4) Observe - Enhancing your awareness is all about resourcefulness and creativity. When doing some pronunciation exercises, you can use a small mirror right in front of your face as you can observe closely how you open your mouth, the shape of your lips (rounded or unrounded - Vowel sounds) and to a certain extent, tongue position. Articulation of sounds depends on these elements as well as how your mouth "feels", whether "tense" or "relaxed" (vowel sounds). Observing your mouth, listening to yourself as well as processing these information that you gather is a very efficient way to establish an "active" connection between your mind, the words that you say and what actually happens inside your mouth when you pronounce different words.

5) Take it for a spin - Now that you have acquired what is necessary to improve your pronunciation, use it when having a conversation with your teachers or with friends who are also English learners. Nothing is more valuable than learning from experience. If you make a mistake, just correct it and try again. Teachers most especially, would gladly help you with your difficulties and "fine-tune" your learning strategies as well as give you more insightful tips to aid your learning.

I also have found a very specific study done by Michael Kistler and Joseph Sandkamp who presented useful information between the differences of Japanese "Katakana" English and the Standard American English.

The study is really meant for teachers, but I don't see the reason why students shouldn't have access to it. After all, as I have said in my other blog - we can all be teachers in our own right, because we are all students and we never stop learning.

I hope this would give you the necessary realization as well as empowerment that learning a foreign language shouldn't be too difficult to the point of feeling hopeless about it.

Keep the faith!

Monday, September 3, 2012

"Quotable Quotes"

What makes a quote quotable? Why are some quotes easier to remember while others are easier to forget? Is it because of the words used? or is it because of the combination of words that make up the context?

Whatever the reason may be, a quote is generally the unique opinion or thoughts of a person regardless of rank, gender, age, beliefs or status. It symbolizes the various perceptions of life itself, based on specific experiences and what that person has learned from it.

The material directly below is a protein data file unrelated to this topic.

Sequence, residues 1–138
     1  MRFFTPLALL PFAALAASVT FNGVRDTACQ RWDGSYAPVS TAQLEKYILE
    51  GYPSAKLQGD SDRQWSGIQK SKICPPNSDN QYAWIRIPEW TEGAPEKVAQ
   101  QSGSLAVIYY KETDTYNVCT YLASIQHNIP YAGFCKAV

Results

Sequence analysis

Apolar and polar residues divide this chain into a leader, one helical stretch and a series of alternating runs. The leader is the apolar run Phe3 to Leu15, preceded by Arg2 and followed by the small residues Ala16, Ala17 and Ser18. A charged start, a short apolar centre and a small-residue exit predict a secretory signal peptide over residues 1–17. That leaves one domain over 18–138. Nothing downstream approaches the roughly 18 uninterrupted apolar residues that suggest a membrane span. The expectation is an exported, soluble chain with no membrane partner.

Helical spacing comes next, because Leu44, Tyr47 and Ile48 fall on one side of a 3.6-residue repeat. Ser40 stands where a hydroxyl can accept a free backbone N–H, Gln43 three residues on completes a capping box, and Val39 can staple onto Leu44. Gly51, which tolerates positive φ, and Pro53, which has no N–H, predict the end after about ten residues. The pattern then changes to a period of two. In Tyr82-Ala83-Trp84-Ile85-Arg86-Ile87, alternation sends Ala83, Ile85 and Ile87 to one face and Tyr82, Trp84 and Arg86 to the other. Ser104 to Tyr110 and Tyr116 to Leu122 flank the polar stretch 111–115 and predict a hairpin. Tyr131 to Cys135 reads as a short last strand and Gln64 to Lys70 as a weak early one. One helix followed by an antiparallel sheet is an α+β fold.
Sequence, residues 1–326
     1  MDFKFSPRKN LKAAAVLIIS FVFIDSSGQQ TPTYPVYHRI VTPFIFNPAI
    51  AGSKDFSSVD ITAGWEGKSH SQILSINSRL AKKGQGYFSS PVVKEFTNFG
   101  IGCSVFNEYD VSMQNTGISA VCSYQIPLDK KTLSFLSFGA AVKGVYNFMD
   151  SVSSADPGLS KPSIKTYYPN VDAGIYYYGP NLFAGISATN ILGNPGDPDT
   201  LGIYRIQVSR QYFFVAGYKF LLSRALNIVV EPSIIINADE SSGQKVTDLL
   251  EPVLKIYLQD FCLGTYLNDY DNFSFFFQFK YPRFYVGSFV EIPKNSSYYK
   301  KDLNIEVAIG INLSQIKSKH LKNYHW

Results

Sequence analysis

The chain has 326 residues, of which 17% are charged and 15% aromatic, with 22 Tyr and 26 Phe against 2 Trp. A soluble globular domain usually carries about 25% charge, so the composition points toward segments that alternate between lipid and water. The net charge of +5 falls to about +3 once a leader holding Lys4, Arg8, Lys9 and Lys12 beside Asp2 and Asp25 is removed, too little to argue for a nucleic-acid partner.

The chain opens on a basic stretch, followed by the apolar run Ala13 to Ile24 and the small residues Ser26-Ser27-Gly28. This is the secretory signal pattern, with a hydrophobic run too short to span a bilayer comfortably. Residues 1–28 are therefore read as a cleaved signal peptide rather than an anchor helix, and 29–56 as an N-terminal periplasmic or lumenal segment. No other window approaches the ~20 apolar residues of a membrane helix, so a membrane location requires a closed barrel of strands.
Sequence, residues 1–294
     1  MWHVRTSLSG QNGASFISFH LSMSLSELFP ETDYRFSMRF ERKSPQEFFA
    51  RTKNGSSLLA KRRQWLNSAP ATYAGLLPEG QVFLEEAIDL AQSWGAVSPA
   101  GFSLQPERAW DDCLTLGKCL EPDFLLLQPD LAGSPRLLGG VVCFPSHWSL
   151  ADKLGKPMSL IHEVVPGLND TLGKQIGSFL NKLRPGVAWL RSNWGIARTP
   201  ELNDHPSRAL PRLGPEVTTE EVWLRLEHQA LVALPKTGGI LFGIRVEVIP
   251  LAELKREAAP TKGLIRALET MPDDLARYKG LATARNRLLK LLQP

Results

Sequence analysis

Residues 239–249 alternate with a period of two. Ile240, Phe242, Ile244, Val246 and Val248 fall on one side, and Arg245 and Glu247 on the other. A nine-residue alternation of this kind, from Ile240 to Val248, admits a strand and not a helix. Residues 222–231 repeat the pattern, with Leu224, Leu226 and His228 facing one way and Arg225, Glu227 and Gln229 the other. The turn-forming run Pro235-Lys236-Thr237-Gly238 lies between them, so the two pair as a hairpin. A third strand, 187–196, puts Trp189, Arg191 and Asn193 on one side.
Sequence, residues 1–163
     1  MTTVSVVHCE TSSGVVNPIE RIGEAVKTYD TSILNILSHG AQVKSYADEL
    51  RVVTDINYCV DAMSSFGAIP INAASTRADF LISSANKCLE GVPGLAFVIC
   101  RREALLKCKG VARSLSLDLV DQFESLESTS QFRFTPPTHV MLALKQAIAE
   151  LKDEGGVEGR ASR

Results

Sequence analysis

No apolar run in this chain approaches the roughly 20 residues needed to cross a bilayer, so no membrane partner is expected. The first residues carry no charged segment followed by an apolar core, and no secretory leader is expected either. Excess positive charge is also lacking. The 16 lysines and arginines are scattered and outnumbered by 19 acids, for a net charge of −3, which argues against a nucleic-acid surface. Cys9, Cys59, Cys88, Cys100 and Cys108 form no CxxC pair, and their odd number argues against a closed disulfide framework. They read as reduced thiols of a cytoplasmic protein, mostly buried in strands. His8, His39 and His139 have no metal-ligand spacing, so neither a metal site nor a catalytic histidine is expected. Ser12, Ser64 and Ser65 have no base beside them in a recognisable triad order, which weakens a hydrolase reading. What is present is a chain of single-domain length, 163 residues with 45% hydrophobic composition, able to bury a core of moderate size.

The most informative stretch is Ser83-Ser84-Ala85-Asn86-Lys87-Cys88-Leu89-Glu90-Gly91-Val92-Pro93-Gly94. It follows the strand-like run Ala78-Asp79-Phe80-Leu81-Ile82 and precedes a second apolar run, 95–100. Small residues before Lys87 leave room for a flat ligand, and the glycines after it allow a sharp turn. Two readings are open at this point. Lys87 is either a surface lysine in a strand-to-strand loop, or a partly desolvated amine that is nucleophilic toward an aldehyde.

Some quotes are funny, some are abstract, but most are sources of inspiration and learning opportunities. Most quotes are famous because of the obvious popularity of the person who said it and a lot of people value and fiercely "immortalize" it, but ironically that quote merely represents the innermost thoughts of that person: not for fame, but for wisdom.

Here are some notable quotes to live by:

 * "Imagination is more important than knowledge" - Albert Einstein

 * "No one can make you feel inferior without your consent" -   Eleanor Roosevelt

 * "Continuous effort, not strength or intelligence - is the key to unlocking our potential" -    Winston Churchill

 * "Be a yardstick of quality. Some people aren't used to an environment 
        where excellence is expected." - Steve Jobs

 * "Chance favors the prepared mind" - Louis Pasteur

Some quotes are even based on a movie and my personal favorite, "The Last Samurai":

      Katsumoto: "Do you believe that a man can change his destiny?"

      Capt. Algren: "I believe a man does what he can, until his destiny is revealed."

Since we all have different perceptions and reactions to life's challenges and circumstances that we are surrounded with, we can all share them with each other and learn more in the process. We usually focus on knowledge and forget about the importance of wisdom, which act as a "guide" for our intellect and which matters the most.

After watching a film that had a profound effect on me, I came up with my own quote:

"All of us can be teachers, trainers, scientists, engineers or anything we envision ourselves to be. Each and everyone of us started out as students, regardless of gender, financial status and especially age. It does not matter therefore how early or late you started, the important thing is - you initiated the first step."

"No one's integrity is above the other, we should all live with mutual respect (Ip Man 2) since we all started without nothing - we will eventually leave without anything." (added my own :D)

"True learning starts with humility"

What about you? Do you have any quotes of your own? Why not share your "two cents worth" of wisdom? 

You will never know the extent of your influence or inspiration you could provide for others who need it the most.